Personally, I am but little interested, - pecuniarily I have little or nothing to gain or lose by the issue of this question: but Sir, my feelings have been warmly enlisted from the fact, that the people of the county which I have the honor to represent on this floor - the whole people - do feel a deeper and more absorbing interest in this matter than any other that has engaged the consideration of the Legislature. They must not be charged with making their principles subordinate to their interest in, their zeal on this point. Sir, there is a great principle as well as heavy interests involved in this matter - a principle which I am willing to contend for and which they are not willing to surrender. We deny the right of any county in the state, or the state itself, to inflict an unnecessary wrong. We claim that when it is inflicted, it is the bounden duty of the state to redress that wrong, more especially when it can be done without serious injury to others. the people of Cass county have been wronged in the formation of the county, and without stopping to inquire who inflicted the wrong we call upon the Legislature to redress it.

Mr. Speaker, I will first give a brief history of the formation of the county, vouching in my place, from my personal knowledge, for the truth of the statements and facts presented. I will then answer the gentleman from Morgan, (Mr. Cloud) and pledge myself triumphantly to refute every argument adduced by him adverse to our claims, and will especially show, that a majority of the people of Cass county, not only did not accept of the county, as asserted by him, but that a clear majority - a large majority, were opposed to its formation.

During the winter of 1836 and 37, petitions were circulated in the northern part of Morgan county, for a new county The proposed county was to be made from the northern part of Morgan, which laid north of the line dividing township 16 and 17, running from the Illinois river east to the Sangamon county line. This line included the three mile strip that is now proposed to attach to the county of Cass. These petitions were signed by some five hundred voters in Morgan county, which then contained, and at the previous August election had polled, about 3600 votes. Acting on these petitions the legislature passed a law conditionally creating the present county of Cass, making the line not where the petition called for, viz: the line dividing township 16 and 17, but making it run in the middle of township 17, thus leaving a strip 3 miles wide on the entire length of the county, and curtailing the claims of the petitions upwards of 80 square miles. The condition of the law was, that at a time appointed in the law, an election should be held in Morgan county, then composed of the present counties of Morgan, Scott, and Cass, for the purpose of accepting or rejecting the proposed county. At the time appointed, April 1837, an election was held under the said law for that purpose. About 1000 votes were polled in a county which, as I before observed, at that time contained, and at the previous August election had given, 3000 votes. Of these 1000 votes a majority of 48 was cast against the formation of the county, but the poll book of the Meredosia precinct, in the present county of Morgan, having been returned by a citizen of Cass county, who was neither a judge nor a clerk of the election, and the poll book of the Lucas precinct, in the county of Cass, having been returned by mail - both precincts giving almost an unanimous vote against division - they were rejected by the officers authorized by law to count the votes on account of this informality. The county of Cass was thus established, when a majority of the votes polled had been cast against its formation: when a majority of the people within her bounds, were opposed to it, and when nearly three-fourths of the people had failed to attend the polls.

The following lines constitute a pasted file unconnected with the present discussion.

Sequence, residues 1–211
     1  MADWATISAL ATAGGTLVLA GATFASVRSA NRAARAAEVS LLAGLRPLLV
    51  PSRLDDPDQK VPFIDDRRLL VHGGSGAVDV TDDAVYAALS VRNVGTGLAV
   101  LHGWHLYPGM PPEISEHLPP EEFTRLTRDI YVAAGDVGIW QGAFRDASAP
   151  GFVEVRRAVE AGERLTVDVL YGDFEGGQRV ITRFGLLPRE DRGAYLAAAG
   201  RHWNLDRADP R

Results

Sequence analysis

Mr. Speaker, here are several important facts that present this claim on grounds different from any question of county divisions that has even been presented to the Legislature. the claims of the petitions were curtailed - the boundaries reduced; nearly three-fourths of the people did not vote; of those voting a majority was cast against the division of the county; and what is of still greater importance, and a still greater hardship, a majority of the people within the curtailed limits of the new county of Cass were opposed to this formation - first changing the boundaries of the county they petitioned for, and then forcing it on them against their will. I do not mean to cast censure on the then existing delegation from Morgan county, for changing the lines and referring the question back to a vote of the people; nor do I mean to charge the majority of the people of Morgan county with the intention of forcing the county on the people of Cass, for they had the power and did not exercise it. but I do mean to say that it is a fact beyond controversy, the people of Cass county have a county that they did not petition for; a county they were opposed to; a county they were not willing to accept; a county against the formation of which they remonstrated until remonstrance was vain - until the legislature declared the county established; a county which they now call upon the legislature to enlarge.

At every subsequent session of the legislature the people of Cass county, and the people living on the three mile strip, have petitioned for this disputed territory, to be attached to the county of Cass, but as yet without success. The county of Cass, thus singularly and unfairly established, is in territorial limits one of the weakest in the state, and deducting from its nominal surface the inundated lands bordering on the Illinois and Sangamon rivers, the sand ridges and bluffs by which they are skirted, and the waste and untillable lands in the interior, amounting in the aggregate to more than a third of the whole county, Cass county contains, I believe, less productive land than any other county in the state.